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Britain Officially Starts Withdrawal from European Union


British Prime Minister Teresa May has officially started the process for Britain to leave the European Union (EU).

May sent a letter to European Council President Donald Tusk on Wednesday. The move put Article 50 of the Treaty of Lisbon into effect.

The treaty is an international agreement on which the EU is based. Article 50 deals with how a member country can withdraw from the organization.

May’s letter noted the historic nationwide vote on EU membership last year. It said the British people had not voted to “harm the European Union or any of the remaining member states.”

EU Council President Donald Tusk, right, gets British Prime Minister Theresa May's formal notice to leave the bloc under Article 50 of the EU's Lisbon Treaty from UK Permanent Representative to the EU Tim Barrow in Brussels, Wednesday, March 29, 2017.

EU Council President Donald Tusk, right, gets British Prime Minister Theresa May's formal notice to leave the bloc under Article 50 of the EU's Lisbon Treaty from UK Permanent Representative to the EU Tim Barrow in Brussels, Wednesday, March 29, 2017.

The letter went on to say that Britain wanted the EU to succeed and explained that the election result was an effort to “restore national self-determination.”

By informing the EU of its decision, Britain now starts two years of negotiations between the two sides. Talks on security, business, defense, health, the environment and other issues are expected to be complex.

The process started on June 23, 2016, when Britons decided in a close referendum vote to leave the EU.

Then-prime minister David Cameron had promised to hold the referendum, but had campaigned for Britain to stay an EU member. Cameron resigned after the vote.

Some observers say the vote’s outcome resulted partly from feelings that the EU government was taking too much control away from British citizens.

People in London and Scotland voted to stay in the EU, while other areas supported a British exit, commonly called “Brexit.”

Little agreement on how long Brexit will take

Few Britons and political observers agree on what Brexit will mean for Britain and its partners.

Jo Murkens of the London School of Economics says most people do agree the process will be disorderly and take more than two years.

He said, “The effect of European Union law is all pervasive from constitutional-level questions to the regulation of bananas and cucumbers. So, it is a mammoth task that will not be negotiated within two years. It will take a decade or decades to give full effect to EU withdrawal.”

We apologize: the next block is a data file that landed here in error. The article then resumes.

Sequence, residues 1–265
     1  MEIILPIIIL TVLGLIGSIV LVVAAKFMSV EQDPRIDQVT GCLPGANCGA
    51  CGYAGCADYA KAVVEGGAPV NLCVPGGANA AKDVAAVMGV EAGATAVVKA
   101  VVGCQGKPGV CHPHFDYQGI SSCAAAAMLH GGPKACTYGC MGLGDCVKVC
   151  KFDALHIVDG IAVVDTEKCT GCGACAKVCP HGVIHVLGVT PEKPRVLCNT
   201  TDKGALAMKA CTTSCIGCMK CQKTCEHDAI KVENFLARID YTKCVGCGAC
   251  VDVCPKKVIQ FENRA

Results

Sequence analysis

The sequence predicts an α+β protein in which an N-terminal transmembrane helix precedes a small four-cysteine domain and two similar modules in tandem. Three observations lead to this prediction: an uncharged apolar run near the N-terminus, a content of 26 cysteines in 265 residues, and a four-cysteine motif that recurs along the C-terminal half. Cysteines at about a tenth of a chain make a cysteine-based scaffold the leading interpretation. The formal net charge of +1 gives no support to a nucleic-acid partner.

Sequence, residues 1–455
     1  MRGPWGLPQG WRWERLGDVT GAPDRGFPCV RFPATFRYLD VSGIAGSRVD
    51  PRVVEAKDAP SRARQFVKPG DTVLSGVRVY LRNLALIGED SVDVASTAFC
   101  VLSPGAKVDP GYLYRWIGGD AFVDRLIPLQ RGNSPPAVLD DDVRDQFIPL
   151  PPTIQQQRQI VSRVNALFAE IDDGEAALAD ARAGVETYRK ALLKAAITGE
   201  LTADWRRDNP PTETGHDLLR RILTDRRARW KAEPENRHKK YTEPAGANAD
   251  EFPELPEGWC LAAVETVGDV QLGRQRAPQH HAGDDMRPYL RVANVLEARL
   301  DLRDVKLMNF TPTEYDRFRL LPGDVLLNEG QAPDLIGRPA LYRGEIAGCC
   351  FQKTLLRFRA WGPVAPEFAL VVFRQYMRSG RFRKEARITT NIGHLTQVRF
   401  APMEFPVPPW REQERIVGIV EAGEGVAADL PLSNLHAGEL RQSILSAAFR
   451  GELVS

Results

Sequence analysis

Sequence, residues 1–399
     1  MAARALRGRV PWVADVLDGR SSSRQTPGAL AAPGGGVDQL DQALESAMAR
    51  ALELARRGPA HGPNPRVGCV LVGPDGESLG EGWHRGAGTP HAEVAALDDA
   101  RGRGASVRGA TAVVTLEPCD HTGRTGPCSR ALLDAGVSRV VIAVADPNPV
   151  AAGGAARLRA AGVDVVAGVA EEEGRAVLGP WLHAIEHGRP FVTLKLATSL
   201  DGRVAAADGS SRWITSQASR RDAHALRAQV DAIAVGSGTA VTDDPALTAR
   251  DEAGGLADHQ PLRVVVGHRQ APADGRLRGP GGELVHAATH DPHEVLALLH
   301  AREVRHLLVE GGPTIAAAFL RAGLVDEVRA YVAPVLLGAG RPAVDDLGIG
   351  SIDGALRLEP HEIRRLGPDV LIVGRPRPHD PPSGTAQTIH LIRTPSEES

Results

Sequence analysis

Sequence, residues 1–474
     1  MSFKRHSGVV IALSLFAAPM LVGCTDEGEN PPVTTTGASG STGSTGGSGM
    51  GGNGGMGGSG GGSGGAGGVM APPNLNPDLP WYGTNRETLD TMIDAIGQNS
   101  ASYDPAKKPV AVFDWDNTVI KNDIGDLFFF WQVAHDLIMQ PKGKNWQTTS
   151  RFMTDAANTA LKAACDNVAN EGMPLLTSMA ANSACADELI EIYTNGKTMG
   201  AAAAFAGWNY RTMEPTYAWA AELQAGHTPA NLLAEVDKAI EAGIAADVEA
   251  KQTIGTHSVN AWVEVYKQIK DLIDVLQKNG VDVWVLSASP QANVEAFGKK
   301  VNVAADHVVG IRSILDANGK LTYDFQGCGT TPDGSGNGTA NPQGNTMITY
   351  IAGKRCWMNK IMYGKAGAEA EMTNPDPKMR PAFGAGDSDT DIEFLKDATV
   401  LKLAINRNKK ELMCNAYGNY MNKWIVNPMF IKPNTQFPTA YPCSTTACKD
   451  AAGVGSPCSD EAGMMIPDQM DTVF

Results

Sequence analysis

London's Mayor Sadiq Khan.

London's Mayor Sadiq Khan.

One day before May invoked Article 50, London’s Mayor Sadiq Khan called on European leaders not to punish Britain. He said that London would remain an important city, especially as a financial center, after Brexit.

He said, “The truth is that London will always remain a key partner for Brussels and every European nation long after Brexit is resolved.”

Khan warned against a bad Brexit deal. He said such an agreement would cut off the EU from its only truly international financial center and risk losing financial services companies to New York, Singapore and Hong Kong.

London’s mayor also said the “perfect gesture of goodwill” would be for the government to guarantee that EU citizens would remain in Britain.

Seliq Khan is the first Muslim mayor of a major western city. He has launched a campaign bringing attention to how London continues to welcome foreigners and businesses.

I’m Jonathan Evans.

Luis Ramirez reported this story for VOA News. Mario Ritter adapted it for Learning English. George Grow was the editor.

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Words in This Story

referendum – n. when the people of a country or state vote on a particular law or issue

pervasive – adj. existing in every part of something

mammoth – adj. very large

gesture – n. something said or done that shows a feeling or attitude

exit n. the act of going away or leaving; a way out

outcomen. result

restorev. to re-establish

determinationn. the act of deciding something firmly

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